Recently I had the opportunity to create two tiny pairs of shoes for a television commercial. The challenge behind the project was that the shoes were to be worn on human fingers. Here is the commercial that resulted and the techniques I followed to create the shoes.
This video shows both of the ad spots that aired on children’s networks in the US:
The commercial is for “Walk in Our Shoes,” an organization that teaches youth tolerance and awareness for those with mental health challenges. You can read more at their website here: http://walkinourshoes.org/
Most of the shoes featured in the spots are factory made doll shoes that were readily available through online purchase. There were two special pairs of shoes however, that could not be found. The creators needed a pair of roller skates and a pair of ballet pointe slippers. With my background in designing doll shoes, this is where I came in :).
The challenge behind the roller skates was that the creators could only find plastic skates in the right scale. Because all the other shoes featured were fabric, the plastic would have looked out of place. But we also had a bit of a time crunch—I had just a few days to complete the shoes and then ship them overnight to California.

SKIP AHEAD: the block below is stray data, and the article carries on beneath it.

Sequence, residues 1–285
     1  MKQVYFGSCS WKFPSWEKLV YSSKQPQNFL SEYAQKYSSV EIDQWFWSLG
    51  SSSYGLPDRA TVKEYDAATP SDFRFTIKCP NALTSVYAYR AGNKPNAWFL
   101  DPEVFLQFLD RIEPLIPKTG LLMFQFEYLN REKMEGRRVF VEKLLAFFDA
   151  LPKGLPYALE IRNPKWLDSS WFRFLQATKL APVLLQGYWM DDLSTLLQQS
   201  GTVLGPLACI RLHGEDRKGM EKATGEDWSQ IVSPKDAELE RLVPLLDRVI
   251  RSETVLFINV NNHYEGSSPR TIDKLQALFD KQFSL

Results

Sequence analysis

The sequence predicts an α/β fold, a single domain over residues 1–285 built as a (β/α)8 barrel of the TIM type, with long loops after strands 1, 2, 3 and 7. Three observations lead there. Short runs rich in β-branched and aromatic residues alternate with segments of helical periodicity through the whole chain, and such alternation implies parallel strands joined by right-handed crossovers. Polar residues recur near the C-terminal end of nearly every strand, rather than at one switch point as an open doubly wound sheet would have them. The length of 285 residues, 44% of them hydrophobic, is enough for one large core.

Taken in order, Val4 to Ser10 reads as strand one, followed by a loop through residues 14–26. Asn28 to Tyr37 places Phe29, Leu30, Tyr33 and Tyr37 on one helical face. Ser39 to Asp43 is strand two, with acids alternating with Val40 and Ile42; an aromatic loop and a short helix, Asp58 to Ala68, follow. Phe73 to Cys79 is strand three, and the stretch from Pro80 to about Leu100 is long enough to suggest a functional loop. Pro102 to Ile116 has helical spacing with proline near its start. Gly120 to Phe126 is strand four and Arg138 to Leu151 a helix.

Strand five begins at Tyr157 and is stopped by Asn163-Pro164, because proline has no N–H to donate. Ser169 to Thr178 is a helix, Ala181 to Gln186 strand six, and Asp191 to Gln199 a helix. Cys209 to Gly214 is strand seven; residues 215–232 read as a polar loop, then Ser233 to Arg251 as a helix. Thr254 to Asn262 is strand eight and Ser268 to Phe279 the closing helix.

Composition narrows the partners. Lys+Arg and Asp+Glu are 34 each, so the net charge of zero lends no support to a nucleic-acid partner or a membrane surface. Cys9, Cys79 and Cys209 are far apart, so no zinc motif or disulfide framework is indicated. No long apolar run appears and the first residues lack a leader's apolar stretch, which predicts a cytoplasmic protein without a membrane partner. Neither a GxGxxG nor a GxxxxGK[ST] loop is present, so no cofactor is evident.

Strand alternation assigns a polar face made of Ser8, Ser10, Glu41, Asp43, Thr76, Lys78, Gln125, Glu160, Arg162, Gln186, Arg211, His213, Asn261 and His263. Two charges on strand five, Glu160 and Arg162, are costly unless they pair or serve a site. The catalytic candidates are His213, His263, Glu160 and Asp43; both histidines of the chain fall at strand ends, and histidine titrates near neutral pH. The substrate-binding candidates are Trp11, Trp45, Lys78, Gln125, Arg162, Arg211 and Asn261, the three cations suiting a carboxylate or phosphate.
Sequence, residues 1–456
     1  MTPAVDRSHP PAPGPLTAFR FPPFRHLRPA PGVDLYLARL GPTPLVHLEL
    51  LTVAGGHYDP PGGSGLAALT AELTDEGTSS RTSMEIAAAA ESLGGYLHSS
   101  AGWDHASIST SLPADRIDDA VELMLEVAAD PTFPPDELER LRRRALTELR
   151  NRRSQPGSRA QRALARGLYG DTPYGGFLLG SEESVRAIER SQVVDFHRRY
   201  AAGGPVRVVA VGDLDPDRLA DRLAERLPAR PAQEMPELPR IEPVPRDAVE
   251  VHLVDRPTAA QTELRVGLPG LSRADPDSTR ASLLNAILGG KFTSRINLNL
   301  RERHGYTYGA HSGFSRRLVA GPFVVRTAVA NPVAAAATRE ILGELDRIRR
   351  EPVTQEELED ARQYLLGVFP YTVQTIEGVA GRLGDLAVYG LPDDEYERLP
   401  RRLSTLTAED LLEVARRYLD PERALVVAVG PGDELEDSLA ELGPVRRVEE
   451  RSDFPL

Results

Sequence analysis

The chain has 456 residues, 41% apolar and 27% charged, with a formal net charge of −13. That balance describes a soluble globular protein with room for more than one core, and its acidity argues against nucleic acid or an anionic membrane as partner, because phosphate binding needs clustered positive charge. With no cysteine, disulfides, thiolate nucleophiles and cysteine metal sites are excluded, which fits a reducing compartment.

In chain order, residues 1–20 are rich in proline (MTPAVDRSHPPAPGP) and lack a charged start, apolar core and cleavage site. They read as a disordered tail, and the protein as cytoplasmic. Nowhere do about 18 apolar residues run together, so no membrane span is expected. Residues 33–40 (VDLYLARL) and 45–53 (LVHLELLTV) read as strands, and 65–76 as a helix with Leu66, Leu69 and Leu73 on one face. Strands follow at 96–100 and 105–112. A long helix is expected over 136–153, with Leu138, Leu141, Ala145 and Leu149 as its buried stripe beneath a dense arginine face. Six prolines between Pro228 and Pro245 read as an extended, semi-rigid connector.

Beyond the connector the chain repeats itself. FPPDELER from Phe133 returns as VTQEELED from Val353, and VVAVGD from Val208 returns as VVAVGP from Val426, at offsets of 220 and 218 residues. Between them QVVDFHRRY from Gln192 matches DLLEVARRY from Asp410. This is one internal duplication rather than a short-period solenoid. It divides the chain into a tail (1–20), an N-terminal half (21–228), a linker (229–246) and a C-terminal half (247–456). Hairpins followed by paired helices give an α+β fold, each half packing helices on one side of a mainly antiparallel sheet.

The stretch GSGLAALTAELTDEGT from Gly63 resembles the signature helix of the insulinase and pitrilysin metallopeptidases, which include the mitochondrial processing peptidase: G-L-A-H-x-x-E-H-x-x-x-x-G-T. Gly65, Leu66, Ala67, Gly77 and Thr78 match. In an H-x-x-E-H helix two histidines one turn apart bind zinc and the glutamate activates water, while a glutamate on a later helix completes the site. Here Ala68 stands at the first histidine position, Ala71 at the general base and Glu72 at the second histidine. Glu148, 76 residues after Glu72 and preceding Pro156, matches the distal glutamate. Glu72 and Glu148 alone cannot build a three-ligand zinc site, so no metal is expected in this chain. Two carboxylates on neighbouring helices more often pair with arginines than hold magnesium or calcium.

To create the roller skates, I began with an existing pair of plastic doll skates. This is where I got the wheels and base, so I didn’t need to create them. I used a sharp blade to cut most of the plastic upper away from the wheeled portion. I then used the same lace up boot pattern featured in my tiny doll shoes tutorial to create the upper, making only slight adjustments. I laced the skates with elastic so the upper would easily stretch over the model’s fingers.
The ballet slippers were a bit more of a challenge. There were no existing shoes or patterns that could be modified for a human finger. So, I created one. I began by sculpting a finger out of polymer clay. I included the average space and height of a fingernail so the nail would be mostly covered by the slipper. I then sculpted on a heel and toe box shapes that extended beyond the finger base. Now I had a last form to build the slippers over.
But there was a slight problem. The sharp curve of the slipper meant that the opening was much smaller than the shape of the fabric upper, so once I wrapped and glued the fabric around the sculpted last, I would not be able to slide the slipper back off. To remedy this issue, I cut the heel section off the last, and taped it back into place giving me a break away heel that would help shape the slipper as needed, but then separate to allow the slipper to slide off.
The Ballet Shoe Last with Break-Away Heel
The Ballet Slipper
If time would have allowed, I definitely would have created more finger shoes for the project, but I am glad I was able to complete the two pairs in time! And now I can add television prop maker to my doll making history :).